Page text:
My thoughts on reading the IPv6 H/H Option discussion:
Some technical decisions about the Internet protocol suite are
more important that others. Decisions about application-layer
issues are of course important to particular segments of the
community and industry, but decisions that impinge on the
fundamental communication mechanism of the Internet are
critical to us all. Such decisions must be made very, very
carefully, with considerable care and not a little wisdom.
History has established the IETF as the body responsible for
decisions about the fundamental structure of the Internet.
W3C certainly can set standards at the application layer,
for example, but decisions about the waist of the "hour
glass" belong in the IETF. We need to take this
responsibility seriously, and waste less time on lawyering
You cannot provide "adult supervision" over the Internet
protocol suite with a committee of 2000 people; you have
to delegate a major responsibility to a small group of
technical experts. Technocratic democracy is fine up to
a point, but ...
After Kobe, the IETF established the IESG and IAB as twin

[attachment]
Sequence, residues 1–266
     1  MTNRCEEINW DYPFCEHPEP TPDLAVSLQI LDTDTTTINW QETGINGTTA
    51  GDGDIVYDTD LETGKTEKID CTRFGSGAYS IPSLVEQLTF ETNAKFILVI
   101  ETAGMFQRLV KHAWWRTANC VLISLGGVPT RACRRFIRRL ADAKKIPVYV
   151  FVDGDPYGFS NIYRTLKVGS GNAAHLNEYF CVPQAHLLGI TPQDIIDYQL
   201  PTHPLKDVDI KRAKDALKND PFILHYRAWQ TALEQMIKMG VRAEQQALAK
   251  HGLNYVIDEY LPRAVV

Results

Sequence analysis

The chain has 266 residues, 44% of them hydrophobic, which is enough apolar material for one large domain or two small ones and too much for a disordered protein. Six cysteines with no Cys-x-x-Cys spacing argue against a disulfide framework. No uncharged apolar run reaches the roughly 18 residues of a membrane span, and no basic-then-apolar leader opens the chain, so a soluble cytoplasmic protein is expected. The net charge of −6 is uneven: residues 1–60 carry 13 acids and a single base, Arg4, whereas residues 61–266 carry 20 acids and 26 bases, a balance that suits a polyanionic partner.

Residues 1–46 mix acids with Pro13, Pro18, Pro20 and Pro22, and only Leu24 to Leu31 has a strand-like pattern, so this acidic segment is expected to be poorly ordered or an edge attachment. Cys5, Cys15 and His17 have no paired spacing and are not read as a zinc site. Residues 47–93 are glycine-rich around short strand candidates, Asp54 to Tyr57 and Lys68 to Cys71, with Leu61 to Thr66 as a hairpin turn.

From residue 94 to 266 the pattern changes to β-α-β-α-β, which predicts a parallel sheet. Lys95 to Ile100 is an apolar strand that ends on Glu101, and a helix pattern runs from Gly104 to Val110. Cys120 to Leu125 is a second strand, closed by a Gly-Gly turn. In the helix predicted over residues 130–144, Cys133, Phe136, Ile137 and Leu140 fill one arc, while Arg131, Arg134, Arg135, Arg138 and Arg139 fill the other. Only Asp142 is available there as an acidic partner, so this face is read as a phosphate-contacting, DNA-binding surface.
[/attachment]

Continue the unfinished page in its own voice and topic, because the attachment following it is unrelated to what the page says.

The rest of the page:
oversight bodies with some responsibility to look after
the overall technical health of the Internet, especially
the important parts. As a member of the RFC Editor team,
I have had the privilege to sitting in IESG meetings now
and then, and I know from that experience that the IESG
takes this responsibility very, very seriously, as they
It is true that the IETF has no strict control over what bits
people choose to put into IP headers, but in fact we have a lot
of influence. We can bring quite a bit of informal pressure
against renegade (from our viewpoint) companies or bodies. For
example, the Host Requirements RFCs successfully deprecated and
effectively eliminated a number of technical deviations. So
the registration process is important and gives us some
leverage, as long as we continue to act as adults.
I agree with the comments made by Joel Halpern yesterday.
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